Domperidone in defective and insufficient lactation.
ABSTRACT The clinical use of anti-dopaminergic drugs to stimulate plasma PRL levels, to induce lactogenesis and maintain an adequate lactation has been widely suggested, taking into consideration the main inhibitory role of hypothalamic dopamine on PRL secretion. We therefore studied the effects of domperidone (DOM), a direct anti-dopaminergic drug with a low tendency to be secreted in the milk and which does not cross the blood-brain barrier, on inducing lactogenesis in 8 puerperal women with a history of defective lactogenesis (group A) and inducing galactopoiesis in 9 puerperal women who showed 2 weeks after delivery an insufficient lactation (group B). A placebo treatment was performed in 7 and 8 puerperal women with the same characteristics of group A and B, respectively. PRL plasma levels were assayed in basal conditions and after suckling from the 2nd to the 5th day of puerperium in group A and through a 10-day treatment in group B. In both groups domperidone-treated subjects always showed baseline PRL levels and daily milk yield significantly higher than those of the placebo group (P less than 0.01). The lack of any side-effects and the positive results suggest a high usefulness of such a drug in inducing and/or maintaining successful breast feeding, which is at present considered so important for a healthy development of infants.
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ABSTRACT: Insufficient breast milk is the most common reason for premature termination of breast-feeding. The causes of lactation insufficiency are usually multifactorial; in a small percentage of cases it is due to primary lactation failure of unknown origin. The aim of this study was to investigate whether lactation insufficiency of unknown origin could be caused by serum lactogens that had reduced biological activity. Women with lactation insufficiency of unknown origin and normal lactating controls were subjected to a standardized breast-feeding test for assessment of milk production. Thirty minutes later, serum samples were obtained for determination of total lactogen bioactivity, using an in-vitro bioassay, and levels of prolactin (PRL) and growth hormone (GH) using radioimmunoassay (RIA). Twelve lactating mothers with a clinical diagnosis of lactation insufficiency of unknown origin were compared with 12 matched mothers with normal lactation. The Nb2 lymphoma cell bioassay was used to measure total lactogen bioactivity in sera. Conventional RIA kits were used to estimate serum PRL and GH concentrations. Mean milk yield on standardized test feed was 21.6 ml for patients and 146.5 ml for controls. In both patient and control groups the total serum lactogen bioactivity ranged from about 150 to 5000 mIU/l, while the serum RIA (PRL+GH) levels ranged from about 350 to over 7000 mIU/l. There was no evidence of lactogens with reduced bioactivity in the patients' sera. Lactation insufficiency in the women studied cannot be explained by serum lactogens that possess unusually low bioactivity.Clinical Endocrinology 09/1994; 41(2):193-8. DOI:10.1111/j.1365-2265.1994.tb02529.x · 3.35 Impact Factor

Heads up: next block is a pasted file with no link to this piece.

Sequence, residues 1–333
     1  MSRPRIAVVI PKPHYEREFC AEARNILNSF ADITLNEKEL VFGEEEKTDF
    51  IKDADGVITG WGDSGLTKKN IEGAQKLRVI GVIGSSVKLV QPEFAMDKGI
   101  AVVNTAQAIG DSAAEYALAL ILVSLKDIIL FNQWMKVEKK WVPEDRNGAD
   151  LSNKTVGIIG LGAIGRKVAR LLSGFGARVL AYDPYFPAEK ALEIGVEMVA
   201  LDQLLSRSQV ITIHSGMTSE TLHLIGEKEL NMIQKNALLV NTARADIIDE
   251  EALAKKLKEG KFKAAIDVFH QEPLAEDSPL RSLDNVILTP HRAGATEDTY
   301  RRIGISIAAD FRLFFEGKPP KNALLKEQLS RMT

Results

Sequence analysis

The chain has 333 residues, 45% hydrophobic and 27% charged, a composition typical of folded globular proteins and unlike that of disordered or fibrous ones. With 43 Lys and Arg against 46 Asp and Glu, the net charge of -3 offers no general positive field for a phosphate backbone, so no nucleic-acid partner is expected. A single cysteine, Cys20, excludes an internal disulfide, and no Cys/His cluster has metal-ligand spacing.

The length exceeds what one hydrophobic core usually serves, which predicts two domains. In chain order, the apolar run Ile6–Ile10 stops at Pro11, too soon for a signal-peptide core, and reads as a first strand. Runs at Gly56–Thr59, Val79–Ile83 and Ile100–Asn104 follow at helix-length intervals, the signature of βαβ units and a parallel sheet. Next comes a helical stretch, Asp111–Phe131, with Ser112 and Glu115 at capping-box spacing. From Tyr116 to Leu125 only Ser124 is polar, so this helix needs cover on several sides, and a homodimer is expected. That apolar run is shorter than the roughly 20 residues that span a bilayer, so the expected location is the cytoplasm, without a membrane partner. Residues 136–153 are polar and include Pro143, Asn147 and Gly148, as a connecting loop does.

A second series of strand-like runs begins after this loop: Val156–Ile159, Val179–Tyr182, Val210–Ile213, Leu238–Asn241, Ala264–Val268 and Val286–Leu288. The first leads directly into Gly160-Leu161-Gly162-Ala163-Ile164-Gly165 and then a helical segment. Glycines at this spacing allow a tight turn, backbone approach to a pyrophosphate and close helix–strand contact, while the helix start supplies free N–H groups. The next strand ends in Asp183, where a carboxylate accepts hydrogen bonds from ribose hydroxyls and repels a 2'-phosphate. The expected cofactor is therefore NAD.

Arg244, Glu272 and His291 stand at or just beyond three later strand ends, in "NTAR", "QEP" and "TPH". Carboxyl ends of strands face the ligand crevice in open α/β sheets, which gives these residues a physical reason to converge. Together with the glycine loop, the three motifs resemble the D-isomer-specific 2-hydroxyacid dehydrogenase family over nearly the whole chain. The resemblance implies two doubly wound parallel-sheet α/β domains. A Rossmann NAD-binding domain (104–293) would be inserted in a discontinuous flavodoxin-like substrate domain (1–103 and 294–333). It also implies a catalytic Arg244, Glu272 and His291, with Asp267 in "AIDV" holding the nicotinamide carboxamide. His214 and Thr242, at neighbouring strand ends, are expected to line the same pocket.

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ABSTRACT: Varying degrees of success have been reported with strategies to increase milk production when lactation is failing. The objective of this study was to investigate the efficacy of domperidone in augmenting milk production in mothers of premature newborns. Twenty patients were randomly assigned to receive either domperidone or placebo for 7 days. Milk volume was measured daily. Domperidone levels were measured in randomly selected milk and serum samples on day 5 of the study. Serum prolactin levels were measured before the start of the study, on day 5 and on day 10 (3 days after the last dose of the study medication). Data from 16 patients were available for analysis (7 in the domperidone group and 9 in the placebo group). When compared with baseline values, the mean increase in the volume of milk production from day 2 to 7 was 49.5 (standard deviation [SD] 29.4) mL in the domperidone group and 8.0 (SD 39.5) mL in the placebo group (p < 0.05); proportionally this represented an increase of 44.5% and 16.6% respectively. The serum prolactin levels were similar in the 2 groups at baseline; by day 5 they were significantly higher in the domperidone group than in the placebo group, returning to baseline levels in both groups 3 days after the last dose of the study medication. Very small amounts of domperidone were detected in the breast milk samples. In the short term domperidone increases milk production in women with low milk supply and is detected at low levels in breast milk.Canadian Medical Association Journal 01/2001; 164(1):17-21. · 5.81 Impact Factor
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ABSTRACT: A case of a successful induction of lactation in a commissioning mother of a surrogate pregnancy is reported. Induction of lactation was achieved with oral metoclopramide which was well tolerated. Alternative methods to induce lactation are reviewed. The advantages of breast-feeding and the relative ease with which lactation can be induced after a surrogate pregnancy would suggest that this could be offered to all commissioning mothers.Human Reproduction 04/2001; 16(3):581-3. DOI:10.1093/humrep/16.3.581 · 4.59 Impact Factor